which hauled the blower down from the mine. Carey
Clarke of Sumpter helped haul the loaned display
piece down on Sunday.
has a 79.62% voter turnout
this election. In the race
for Baker County Sheriff,
incumbent Travis Ash has
5,243 votes and Deputy
John Hoopes 3,113 votes,
giving the win to Ash.
Nonpartisan initiative
1-74 is ahead by 92 votes
at present, but with an
estimated 150 ballots or
more still in the process of
arrival or with signatures
being verified, 1-74 is too
close to call.
Sunridge sale draws
A recent court-approved
sale of the Best Western
Sunridge Inn of Baker City
to Nampa-based Deepak
Prashar, for $6.3 million,
brings to a close the previ-
ously unresolved financial
issues associated with the
Manager Lisa Wilson
said Wednesday that while
the court documents show
no precise closing date, all
of the involved parties be-
lieve and hope the sale will
conclude by year’s end.
ODOT meets with LEOs
over variable speed
By now, anyone who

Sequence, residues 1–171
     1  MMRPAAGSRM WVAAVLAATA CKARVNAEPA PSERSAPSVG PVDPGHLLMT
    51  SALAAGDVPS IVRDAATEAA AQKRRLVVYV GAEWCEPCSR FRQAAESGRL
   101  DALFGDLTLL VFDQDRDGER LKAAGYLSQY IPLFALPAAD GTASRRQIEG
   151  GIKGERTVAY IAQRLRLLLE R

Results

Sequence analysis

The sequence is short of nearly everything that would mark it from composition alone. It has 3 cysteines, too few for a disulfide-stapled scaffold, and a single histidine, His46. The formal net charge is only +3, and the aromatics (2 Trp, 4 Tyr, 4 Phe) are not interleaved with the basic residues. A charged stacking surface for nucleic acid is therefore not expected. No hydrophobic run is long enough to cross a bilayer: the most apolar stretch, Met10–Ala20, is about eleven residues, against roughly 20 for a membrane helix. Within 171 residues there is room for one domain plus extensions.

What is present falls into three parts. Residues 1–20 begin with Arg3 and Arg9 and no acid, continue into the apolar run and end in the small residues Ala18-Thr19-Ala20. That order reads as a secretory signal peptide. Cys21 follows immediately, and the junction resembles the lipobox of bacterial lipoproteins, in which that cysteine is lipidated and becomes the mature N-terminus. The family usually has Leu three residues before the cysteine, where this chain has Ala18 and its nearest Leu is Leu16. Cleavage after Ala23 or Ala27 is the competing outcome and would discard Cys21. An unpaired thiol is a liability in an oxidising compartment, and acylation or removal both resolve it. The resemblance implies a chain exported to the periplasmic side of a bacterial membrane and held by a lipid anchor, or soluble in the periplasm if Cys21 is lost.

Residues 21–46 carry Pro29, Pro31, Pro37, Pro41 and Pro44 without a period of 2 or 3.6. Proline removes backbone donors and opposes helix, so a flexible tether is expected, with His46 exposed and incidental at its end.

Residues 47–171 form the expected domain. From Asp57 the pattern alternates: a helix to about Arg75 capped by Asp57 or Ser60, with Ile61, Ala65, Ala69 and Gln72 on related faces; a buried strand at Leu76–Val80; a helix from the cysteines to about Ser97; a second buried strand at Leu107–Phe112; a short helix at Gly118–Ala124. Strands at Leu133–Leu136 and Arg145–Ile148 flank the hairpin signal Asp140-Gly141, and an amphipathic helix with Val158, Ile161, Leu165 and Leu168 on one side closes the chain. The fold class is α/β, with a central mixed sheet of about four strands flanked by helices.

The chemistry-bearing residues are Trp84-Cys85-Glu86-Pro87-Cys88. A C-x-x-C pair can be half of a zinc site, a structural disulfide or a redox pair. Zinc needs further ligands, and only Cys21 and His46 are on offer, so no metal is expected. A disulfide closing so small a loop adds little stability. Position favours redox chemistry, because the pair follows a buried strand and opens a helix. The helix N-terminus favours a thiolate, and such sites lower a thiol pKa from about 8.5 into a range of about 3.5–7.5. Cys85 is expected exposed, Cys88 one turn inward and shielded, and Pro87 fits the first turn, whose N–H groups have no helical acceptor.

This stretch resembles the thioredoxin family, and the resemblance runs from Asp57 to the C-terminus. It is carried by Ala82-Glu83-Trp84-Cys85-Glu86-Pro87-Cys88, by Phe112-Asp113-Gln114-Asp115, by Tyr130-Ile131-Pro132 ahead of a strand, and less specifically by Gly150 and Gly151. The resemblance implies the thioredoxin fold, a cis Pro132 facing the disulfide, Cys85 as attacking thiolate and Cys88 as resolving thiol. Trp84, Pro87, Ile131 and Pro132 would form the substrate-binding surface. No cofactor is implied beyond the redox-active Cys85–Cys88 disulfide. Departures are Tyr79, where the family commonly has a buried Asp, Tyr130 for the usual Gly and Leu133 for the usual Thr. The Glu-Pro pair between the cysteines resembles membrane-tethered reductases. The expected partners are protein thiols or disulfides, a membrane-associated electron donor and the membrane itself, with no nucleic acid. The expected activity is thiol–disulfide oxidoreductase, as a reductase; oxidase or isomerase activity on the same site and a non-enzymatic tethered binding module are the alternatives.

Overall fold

has travelled I-84 between
Baker City and La Grande
has noticed the new over-
head electronic speed signs
that were installed over the
The signs are part of
a Variable Speed Limit
(VSL) project ODOT
embarked on in an effort
to reduce traffic crashes,
the first of its kind in the
State of Oregon. The signs
went live October 1, 2016,
in test mode and the mild
conditions the area has
experienced have yet to
trigger the signs to reduce
VFW holds 5th Youth
The fifth annual VFW
(Veterans of Foreign Wars)
Youth Shoot was held
at the Veterans Memo-
rial Club in Baker City on
Saturday, November 19,
2016, bringing together 46
competitors and $3,500 in
total donations.
Hand, foot, mouth dis-
ease hits Pine-Eagle
Pine Eagle Charter
School in Halfway sent an
email to parents on Mon-
day, November 21, warn-
ing that there is currently
an outbreak of Hand, Foot
and Mouth Disease.